By Tyrese Wedderburn

Julie holds Vita after a walk in the park.(Julie Craig/T•)

On a September afternoon after a four-hour wait in the Pearson Airport cargo area, Julie Craig’s precious cargo arrives. Aboard a plane from the Dominican Republic, her adopted dog Vita is now in Canada after facing frequent delays due to COVID-19 restrictions. Vita, a tiny chihuahua mix, has a golden-brown coat with a white belly, big brown eyes and bat-like pointed ears. At the airport she is visibly scared, shaking when Craig picks her up. Over the next few months, Craig experiences the challenges and rewards of dog ownership, while helping Vita adjust to life in Canada.  Before COVID, Craig had always wanted to adopt a dog, however, like many people, she has a long commute– about one hour each way by bus from her condo at Bloor-Islington to her office in Mississauga at a medical supplies company. With the pandemic, Craig now works from home that allowed her to search for a dog to adopt. She relied on, Canine Haven, an organization that brings rescue dogs from Mexico and the Dominican to be adopted in Canada. 

Vita a couple of days after she arrived in Canada. Still a little scared. (Julie Craig/T•)

Craig is not alone thousands have adopted pets since pandemic lockdowns began last March. There has been a surge in people seeking to adopt pets, for companionship, entertainment or to exercise more.  And studies show dog ownership has numerous benefits for physical and mental health. Preliminary data from an MDPI study shows during COVID young people used “pet interactions as a strategy for coping with stress.” The numbers speak for themselves. According to the Toronto Humane Society, since pandemic closures began last March, an estimated 11,000 people made a request to adopt animals. The demand even overwhelmed the agency’s resources meaning adoptions slowed but “the interest is definitely there,” says Hannah Sotropa, communication director with the Humane Society. Demand has also increased for services catering to pets. Nicola Smith works for a Toronto dog walking service that needed to hire 25 percent more, staff to walk individual puppies. On Google, searches for pet adoptions peaked in March and April 2020 rising to 100 meaning peak interest. This interest remained high through summer only declining in fall and winter.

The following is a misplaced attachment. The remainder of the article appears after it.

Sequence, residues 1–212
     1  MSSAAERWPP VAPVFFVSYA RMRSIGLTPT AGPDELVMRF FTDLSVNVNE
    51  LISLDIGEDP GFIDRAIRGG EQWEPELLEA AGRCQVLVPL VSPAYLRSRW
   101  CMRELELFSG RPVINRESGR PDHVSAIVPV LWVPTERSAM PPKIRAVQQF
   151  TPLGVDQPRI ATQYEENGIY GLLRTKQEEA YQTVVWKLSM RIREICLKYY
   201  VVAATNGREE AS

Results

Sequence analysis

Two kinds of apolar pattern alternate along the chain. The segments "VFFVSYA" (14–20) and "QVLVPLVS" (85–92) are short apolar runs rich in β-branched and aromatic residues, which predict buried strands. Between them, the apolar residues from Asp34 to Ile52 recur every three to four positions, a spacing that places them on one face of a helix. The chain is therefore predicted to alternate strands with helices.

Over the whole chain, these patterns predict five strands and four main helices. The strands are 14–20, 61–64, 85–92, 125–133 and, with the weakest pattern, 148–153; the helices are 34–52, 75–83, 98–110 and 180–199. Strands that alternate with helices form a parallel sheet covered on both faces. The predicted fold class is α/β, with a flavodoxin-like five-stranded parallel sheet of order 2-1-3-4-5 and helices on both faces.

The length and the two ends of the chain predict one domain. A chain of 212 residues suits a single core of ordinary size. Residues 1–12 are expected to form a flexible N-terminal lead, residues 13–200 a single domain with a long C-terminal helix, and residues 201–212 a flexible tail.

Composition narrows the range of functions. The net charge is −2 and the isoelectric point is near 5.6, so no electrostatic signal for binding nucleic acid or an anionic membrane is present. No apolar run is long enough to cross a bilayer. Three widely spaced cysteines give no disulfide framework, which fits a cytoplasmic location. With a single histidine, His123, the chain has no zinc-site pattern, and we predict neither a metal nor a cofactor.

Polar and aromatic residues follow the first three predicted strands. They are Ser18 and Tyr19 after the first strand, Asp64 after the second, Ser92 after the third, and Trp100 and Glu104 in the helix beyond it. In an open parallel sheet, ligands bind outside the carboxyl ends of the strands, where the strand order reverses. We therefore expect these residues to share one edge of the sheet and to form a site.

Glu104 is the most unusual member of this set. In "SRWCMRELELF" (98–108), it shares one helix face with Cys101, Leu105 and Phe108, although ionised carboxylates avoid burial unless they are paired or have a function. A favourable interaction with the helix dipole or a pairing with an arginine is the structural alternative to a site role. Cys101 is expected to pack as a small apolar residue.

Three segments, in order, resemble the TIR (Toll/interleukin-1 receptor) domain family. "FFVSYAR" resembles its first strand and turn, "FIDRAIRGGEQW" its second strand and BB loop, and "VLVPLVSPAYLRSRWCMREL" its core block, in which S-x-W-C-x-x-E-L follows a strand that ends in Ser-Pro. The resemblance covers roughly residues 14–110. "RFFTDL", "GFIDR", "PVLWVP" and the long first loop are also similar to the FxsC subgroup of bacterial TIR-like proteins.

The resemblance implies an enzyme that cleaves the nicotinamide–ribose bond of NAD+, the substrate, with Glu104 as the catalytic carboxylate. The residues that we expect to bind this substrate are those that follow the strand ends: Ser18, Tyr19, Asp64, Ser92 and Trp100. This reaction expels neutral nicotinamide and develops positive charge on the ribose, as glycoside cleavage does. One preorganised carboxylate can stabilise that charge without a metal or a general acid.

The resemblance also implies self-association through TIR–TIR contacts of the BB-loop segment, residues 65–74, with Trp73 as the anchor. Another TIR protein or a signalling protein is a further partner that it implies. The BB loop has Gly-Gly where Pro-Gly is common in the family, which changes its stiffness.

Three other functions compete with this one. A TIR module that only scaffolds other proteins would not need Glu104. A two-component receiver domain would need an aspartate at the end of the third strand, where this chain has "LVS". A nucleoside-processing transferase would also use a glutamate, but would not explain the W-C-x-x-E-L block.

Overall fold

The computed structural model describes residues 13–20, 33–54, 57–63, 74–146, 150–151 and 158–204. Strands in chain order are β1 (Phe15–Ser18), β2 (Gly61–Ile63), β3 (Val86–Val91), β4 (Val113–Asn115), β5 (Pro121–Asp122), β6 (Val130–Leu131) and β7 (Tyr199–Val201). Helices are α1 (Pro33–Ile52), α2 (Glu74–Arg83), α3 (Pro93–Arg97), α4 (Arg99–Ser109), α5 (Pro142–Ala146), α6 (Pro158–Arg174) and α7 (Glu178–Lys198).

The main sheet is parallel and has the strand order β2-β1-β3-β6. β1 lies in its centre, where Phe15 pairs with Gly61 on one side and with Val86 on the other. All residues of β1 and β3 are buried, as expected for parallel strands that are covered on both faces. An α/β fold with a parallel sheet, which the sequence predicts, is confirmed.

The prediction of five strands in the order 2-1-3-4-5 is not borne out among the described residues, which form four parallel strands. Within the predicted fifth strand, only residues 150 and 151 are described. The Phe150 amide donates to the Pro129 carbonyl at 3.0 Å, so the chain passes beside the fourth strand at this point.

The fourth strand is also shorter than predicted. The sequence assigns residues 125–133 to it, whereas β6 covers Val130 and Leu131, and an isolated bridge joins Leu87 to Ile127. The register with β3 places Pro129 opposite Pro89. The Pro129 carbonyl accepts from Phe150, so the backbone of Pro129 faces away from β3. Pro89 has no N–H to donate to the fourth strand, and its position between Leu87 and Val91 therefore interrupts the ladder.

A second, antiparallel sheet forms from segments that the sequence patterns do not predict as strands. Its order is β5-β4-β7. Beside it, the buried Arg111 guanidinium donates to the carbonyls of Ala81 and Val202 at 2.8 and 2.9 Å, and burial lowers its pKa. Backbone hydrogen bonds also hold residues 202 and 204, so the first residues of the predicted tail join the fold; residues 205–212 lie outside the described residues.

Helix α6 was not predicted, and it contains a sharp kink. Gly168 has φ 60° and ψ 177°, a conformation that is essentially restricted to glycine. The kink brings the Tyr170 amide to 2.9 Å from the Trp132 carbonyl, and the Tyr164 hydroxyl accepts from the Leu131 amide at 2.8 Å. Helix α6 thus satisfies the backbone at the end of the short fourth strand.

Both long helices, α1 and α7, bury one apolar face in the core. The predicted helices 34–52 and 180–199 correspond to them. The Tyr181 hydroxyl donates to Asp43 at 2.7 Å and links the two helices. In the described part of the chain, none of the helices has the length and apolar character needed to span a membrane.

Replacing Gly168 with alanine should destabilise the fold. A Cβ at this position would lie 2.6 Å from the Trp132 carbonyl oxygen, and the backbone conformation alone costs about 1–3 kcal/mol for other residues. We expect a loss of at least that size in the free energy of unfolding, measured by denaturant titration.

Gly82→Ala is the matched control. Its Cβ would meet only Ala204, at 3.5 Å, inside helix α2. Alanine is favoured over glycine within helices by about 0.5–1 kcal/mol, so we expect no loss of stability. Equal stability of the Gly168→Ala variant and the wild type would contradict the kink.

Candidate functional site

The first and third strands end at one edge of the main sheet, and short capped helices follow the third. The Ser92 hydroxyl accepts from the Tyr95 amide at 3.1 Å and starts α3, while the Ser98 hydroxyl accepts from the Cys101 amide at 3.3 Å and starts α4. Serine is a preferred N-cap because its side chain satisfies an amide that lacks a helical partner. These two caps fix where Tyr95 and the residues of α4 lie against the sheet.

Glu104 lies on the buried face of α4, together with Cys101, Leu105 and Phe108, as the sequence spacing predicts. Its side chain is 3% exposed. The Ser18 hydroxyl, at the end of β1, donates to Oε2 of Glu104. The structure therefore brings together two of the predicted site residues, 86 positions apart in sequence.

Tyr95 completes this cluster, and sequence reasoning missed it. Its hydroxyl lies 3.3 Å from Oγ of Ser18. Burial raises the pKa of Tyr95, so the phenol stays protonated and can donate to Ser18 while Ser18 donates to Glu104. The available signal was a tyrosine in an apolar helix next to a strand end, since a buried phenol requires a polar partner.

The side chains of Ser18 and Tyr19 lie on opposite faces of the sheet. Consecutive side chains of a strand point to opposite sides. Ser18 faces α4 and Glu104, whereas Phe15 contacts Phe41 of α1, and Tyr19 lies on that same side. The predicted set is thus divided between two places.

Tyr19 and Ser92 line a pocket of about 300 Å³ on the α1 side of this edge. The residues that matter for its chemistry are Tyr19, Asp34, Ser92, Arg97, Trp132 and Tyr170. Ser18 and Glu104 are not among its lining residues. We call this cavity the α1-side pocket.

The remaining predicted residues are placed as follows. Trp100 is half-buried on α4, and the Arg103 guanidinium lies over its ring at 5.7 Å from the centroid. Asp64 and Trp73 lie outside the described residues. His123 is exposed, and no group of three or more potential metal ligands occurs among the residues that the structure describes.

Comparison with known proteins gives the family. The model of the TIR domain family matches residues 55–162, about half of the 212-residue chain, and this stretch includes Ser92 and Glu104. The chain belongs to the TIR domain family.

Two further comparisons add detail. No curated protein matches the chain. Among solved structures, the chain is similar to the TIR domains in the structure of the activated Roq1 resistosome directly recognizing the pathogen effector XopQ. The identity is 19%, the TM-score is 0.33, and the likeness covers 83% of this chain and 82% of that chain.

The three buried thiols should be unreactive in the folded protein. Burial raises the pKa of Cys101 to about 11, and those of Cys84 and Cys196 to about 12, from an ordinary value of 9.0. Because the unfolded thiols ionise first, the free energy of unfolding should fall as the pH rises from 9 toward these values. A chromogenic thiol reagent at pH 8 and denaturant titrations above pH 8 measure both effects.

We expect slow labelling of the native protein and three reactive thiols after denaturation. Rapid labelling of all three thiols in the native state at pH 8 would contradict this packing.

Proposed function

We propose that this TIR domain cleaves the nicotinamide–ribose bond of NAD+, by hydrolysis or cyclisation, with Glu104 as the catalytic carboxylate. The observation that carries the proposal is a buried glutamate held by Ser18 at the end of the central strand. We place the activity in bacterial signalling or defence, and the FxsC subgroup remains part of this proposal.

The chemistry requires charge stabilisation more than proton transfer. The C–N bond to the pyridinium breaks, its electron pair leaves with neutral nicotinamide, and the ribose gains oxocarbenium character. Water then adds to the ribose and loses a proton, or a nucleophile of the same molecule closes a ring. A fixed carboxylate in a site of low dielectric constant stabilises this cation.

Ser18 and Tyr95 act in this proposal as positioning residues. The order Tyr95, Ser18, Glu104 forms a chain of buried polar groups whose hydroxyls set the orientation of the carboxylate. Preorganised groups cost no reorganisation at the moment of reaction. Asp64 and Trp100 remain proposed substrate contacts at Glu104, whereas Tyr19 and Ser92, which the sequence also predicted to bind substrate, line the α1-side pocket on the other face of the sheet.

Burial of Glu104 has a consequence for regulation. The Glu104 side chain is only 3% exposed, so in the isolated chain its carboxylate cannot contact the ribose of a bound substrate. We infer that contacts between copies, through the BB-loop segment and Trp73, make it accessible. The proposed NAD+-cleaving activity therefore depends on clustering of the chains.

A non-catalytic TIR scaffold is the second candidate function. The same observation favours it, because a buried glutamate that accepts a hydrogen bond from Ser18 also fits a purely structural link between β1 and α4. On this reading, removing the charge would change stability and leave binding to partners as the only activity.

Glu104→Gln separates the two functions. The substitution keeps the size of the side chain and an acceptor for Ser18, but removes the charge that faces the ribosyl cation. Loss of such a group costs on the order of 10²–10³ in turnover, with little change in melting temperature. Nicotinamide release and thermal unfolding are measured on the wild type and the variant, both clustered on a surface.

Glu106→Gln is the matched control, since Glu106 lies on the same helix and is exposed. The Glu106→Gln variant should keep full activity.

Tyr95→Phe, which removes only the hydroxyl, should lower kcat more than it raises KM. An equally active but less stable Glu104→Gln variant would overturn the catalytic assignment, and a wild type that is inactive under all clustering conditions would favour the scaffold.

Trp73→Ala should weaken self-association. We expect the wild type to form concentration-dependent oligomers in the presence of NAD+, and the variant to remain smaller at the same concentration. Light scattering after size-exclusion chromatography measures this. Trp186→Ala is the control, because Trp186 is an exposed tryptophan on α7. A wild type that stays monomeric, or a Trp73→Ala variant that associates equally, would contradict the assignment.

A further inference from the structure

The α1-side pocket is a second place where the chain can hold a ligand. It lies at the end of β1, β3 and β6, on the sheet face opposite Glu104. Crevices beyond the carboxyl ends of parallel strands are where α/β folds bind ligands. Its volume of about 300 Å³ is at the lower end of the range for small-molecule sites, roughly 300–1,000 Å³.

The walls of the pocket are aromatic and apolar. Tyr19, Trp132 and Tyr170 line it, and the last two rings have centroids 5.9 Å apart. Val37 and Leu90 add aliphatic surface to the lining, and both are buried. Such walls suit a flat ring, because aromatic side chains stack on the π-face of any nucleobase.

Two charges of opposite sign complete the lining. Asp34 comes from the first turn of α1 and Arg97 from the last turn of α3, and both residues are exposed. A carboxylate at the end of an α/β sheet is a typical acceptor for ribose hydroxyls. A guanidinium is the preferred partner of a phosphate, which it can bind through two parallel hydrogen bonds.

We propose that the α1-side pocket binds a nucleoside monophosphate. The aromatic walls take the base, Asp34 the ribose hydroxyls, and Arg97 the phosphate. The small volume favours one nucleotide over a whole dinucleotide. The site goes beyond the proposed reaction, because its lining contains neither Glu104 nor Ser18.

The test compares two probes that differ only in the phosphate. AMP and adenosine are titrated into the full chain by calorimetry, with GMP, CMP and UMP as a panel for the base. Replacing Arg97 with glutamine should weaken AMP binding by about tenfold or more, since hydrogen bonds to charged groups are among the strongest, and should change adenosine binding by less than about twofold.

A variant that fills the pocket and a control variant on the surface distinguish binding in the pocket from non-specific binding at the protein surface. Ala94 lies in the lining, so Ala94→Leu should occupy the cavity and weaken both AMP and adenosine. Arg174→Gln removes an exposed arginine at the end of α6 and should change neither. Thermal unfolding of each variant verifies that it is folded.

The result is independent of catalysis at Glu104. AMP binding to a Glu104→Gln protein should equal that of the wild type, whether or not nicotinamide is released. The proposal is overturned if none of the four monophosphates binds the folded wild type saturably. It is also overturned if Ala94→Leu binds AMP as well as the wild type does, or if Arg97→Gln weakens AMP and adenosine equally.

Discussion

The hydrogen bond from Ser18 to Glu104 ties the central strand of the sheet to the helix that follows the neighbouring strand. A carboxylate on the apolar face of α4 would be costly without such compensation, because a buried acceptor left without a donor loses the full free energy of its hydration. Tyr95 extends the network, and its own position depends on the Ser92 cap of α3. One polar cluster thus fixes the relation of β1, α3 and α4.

Google search data for pet adoption from March-December 2020.(Google Trends/T•)

Vita’s backstory can help to illustrate the challenges she has faced in Canada. For starters, her original name is Covita but Craig felt it sounded too much like COVID, so she shortened it. In the Dominican, Vita was a street dog who roamed the beach. It was a rough life and she needed to fight for food and was found near death, suffering from mange, a skin disease caused by parasitic mites. Vita received treatment and lived with a foster family although the culture around dogs in the Dominican is different than in Canada.  On the island, dogs are typically left outside free to roam and are fed table scraps. When Craig first brought Vita home, “She didn’t even know how to play with toys or jump on the couch.” And for the first two weeks, she was afraid of elevators, doors and stairs. This was especially tricky to overcome because Craig lives on the fifth floor of her condo building. She would throw treats in the elevator and down each step to take Vita for walks. It worked – Vita now associates elevators and doors with going outside and is excited by them.